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United States of America v. Mufid A. Elfgeeh

Court District Court for the Western District of New York, United States
Case number 14-CR-06147EAW-JWF
Decision title Plea Agreement
Decision date 17 December 2015
Parties
  • United States of America
  • Mufid A. Elfgeeh
Categories Material support to terrorism, Terrorism
Keywords Financial Support, foreign fighters, Islamic State, recruitment, Social Media, Terrorism
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Summary

The District Court for the Western District of New York has accepted a guilty plea by Mr. Mufid Elfgeeh and subsequently sentenced him to 22.5 years’ imprisonment for his role in encouraging support for IS, recruiting individuals to fight in Syria and providing financial assistance to those attempting to fight for the terrorist group. Mr. Elfgeeh pleaded guilty to part of the original charges laid against him on 17 December 2015 following his arrest in May 2014. The court records demonstrate that Mr. Elfgeeh had been trying to recruit FBI informants and that his activities had been monitored for a significant period of time prior to his arrest. 

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Procedural history

Mr. Elfgeeh was arrested on 31 May 2014 (para. 4.II.o of the plea agreement). His charges, including attempting to provide material support and resources to the Islamic State (IS/ISIL), were confirmed by a federal grand jury on 16 September 2014. Mr. Elfgeeh pleaded guilty to part of the charges on 17 December 2015. 

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Related developments

Mr. Elfgeeh was sentenced to 270 months’ (22.5 years) imprisonment on 17 March 2016.

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Legally relevant facts

From early 2013, Mr. Elfgeeh maintained various social media accounts, including on Facebook, Twitter and Whatsapp, that “he used as platforms to receive and disseminate information about foreign terrorist groups…; to declare his support for violent jihad, ISIL and other foreign terrorist groups …; to inspire and encourage others to engage in violent jihad and/or pledge allegiance to ISIL …; to declare his support for establishment of the Islamic State; and to seek financial contributions to assist jihadist fighters” (para. II.4.c of the plea agreement).

In December 2013, Mr. Elfgeeh began recruiting two people, both of whom were cooperating with the FBI, to travel to Syria (para. II.4.f). The recruitment effort involved inter alia: offering to arrange an IS contact for them in Syria (para. II.4.g); sending IS propaganda videos to the recruits (paras. II.4.h.i and II.4.h.ii); arranging for IS contacts to communicate with the potential recruits via Facebook (para. II.4.h.iii); providing financial assistance to prepare for the trip (para. II.4.h.iv); and providing advice on how to avoid detection by authorities and on how to join IS when in Syria (paras. II.4.h.v and II.4.h.vi). Furthermore, through Facebook and Whatsapp, Mr. Elfgeeh made contact with a Yemeni national who he asked to coordinate the trip for the recruits and he also stipulated that he would pay for the recruits’ travel (para. II.4.k).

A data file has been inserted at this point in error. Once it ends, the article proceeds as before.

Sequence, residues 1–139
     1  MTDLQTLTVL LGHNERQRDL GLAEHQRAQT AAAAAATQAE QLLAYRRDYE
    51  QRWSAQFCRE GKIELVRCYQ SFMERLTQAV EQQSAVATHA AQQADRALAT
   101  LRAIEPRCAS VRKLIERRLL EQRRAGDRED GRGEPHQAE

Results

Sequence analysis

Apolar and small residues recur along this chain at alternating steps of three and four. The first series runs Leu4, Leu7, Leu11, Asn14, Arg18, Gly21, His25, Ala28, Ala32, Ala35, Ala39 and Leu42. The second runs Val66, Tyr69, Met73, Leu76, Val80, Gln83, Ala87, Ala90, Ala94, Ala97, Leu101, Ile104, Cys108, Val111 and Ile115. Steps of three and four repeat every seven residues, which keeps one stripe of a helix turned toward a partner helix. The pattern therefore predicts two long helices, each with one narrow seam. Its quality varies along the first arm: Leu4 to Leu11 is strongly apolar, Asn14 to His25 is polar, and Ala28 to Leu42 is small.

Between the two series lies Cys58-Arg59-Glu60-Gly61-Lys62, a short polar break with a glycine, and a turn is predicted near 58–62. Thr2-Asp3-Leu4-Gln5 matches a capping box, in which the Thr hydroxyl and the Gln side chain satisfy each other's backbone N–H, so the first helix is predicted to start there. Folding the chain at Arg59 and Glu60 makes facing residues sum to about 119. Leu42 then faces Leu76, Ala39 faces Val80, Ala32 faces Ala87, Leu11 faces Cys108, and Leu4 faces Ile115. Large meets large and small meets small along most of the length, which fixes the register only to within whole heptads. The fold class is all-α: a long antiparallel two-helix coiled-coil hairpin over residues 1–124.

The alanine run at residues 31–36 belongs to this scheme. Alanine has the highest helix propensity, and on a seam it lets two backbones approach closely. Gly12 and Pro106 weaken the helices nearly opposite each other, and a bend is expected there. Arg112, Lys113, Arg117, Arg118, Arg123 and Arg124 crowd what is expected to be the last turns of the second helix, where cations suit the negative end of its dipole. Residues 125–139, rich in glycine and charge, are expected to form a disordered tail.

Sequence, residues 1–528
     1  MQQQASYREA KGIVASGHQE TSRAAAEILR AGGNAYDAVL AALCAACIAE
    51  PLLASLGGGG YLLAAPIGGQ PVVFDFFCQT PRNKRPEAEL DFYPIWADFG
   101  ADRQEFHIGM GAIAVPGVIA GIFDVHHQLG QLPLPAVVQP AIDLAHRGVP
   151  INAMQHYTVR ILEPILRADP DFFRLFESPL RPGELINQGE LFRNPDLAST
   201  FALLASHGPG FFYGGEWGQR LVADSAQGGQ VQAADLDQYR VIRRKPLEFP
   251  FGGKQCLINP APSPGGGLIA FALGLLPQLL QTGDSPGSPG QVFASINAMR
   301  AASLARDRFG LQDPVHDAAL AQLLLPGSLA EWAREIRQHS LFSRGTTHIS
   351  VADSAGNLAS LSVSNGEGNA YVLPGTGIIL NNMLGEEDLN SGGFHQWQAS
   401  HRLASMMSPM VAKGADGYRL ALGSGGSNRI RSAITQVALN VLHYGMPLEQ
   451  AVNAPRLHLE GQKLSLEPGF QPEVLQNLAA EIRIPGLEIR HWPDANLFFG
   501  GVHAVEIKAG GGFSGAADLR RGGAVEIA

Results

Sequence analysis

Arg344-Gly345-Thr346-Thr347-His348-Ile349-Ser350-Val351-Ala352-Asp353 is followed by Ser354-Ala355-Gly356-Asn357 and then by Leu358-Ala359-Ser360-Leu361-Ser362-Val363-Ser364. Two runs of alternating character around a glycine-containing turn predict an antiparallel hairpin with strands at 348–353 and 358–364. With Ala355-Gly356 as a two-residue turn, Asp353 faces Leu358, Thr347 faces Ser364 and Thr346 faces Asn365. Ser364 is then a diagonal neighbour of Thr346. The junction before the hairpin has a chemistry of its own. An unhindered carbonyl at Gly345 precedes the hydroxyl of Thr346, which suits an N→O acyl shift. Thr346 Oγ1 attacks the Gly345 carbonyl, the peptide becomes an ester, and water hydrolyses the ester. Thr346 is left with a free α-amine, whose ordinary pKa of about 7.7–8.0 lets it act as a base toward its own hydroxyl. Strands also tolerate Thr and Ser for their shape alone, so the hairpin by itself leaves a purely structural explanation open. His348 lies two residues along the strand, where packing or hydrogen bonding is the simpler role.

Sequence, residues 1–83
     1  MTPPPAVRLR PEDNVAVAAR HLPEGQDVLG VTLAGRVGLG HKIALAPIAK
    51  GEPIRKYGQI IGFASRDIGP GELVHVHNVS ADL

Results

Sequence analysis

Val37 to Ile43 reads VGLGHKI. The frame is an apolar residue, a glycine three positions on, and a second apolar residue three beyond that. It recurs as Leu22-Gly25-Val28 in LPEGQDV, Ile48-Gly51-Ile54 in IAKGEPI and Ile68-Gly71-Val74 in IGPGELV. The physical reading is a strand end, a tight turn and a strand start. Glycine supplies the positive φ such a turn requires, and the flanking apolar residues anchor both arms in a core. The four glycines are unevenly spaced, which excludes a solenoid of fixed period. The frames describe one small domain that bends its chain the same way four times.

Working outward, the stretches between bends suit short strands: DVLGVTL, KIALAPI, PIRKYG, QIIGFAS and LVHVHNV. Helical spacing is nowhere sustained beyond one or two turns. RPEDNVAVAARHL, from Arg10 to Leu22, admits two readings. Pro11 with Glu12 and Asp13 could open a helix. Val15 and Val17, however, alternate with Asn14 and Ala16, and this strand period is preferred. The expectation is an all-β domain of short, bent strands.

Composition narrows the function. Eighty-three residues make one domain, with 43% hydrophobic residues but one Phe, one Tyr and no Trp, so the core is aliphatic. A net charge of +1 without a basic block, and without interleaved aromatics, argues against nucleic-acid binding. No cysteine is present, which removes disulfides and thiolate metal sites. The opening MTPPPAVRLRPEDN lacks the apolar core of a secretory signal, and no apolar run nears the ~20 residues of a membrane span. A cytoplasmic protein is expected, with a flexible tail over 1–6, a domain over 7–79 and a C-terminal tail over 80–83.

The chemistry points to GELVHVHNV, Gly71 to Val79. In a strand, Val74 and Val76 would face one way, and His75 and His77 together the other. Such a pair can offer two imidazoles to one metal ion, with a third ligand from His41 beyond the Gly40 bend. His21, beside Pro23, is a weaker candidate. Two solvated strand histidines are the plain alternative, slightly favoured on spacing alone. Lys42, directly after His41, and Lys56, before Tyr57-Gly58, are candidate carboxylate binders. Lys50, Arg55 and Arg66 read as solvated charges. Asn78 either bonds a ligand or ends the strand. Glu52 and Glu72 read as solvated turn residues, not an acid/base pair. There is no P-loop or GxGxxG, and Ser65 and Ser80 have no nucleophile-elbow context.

Mr. Elfgeeh further contributed to the financing of the travel of another individual in Yemen who wished to go to Syria to join IS (para. II.4.p). He sought assistance from others to obtain money to send to this person and eventually sent it in February 2014 (para. II.4.q).

In addition, Mr. Elfgeeh sought to obtain a firearm with a silencer (para. II.4.o) and he also tried to facilitate communication between a military battalion in Homs, Syria and IS’ leadership in order to allow the battalion to pledge its allegiance and receive support (II.4.s). 

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Core legal questions

N/A - Plea Agreement

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Specific legal rules and provisions

18 US Code § 2339B

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Court's holding and analysis

The defendant pleaded guilty to Counts 2 and 3 of the Indictment on 17 December 2015. Accordingly, Mr. Elfgeeh admitted that he had attempted “to provide material support to a designated foreign terrorist organisation” (para. I.1).

By pleading guilty, Mr. Elfgeeh acknowledged that he had “knowingly attempted to provide material support or resources, that is, personnel, to a foreign terrorist organisation, namely, the Islamic State of Iraq and the Levant… [and] that the defendant knew the organization was a designated foreign terrorist organization” (para. II.3).  

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Further analysis

N/A

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Instruments cited

United States Code

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Related cases

N/A

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Additional materials

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Social media links

  • Counter Extremism Project, ‘Mufid Elfgeeh’, Counter Extremism Project, 2016.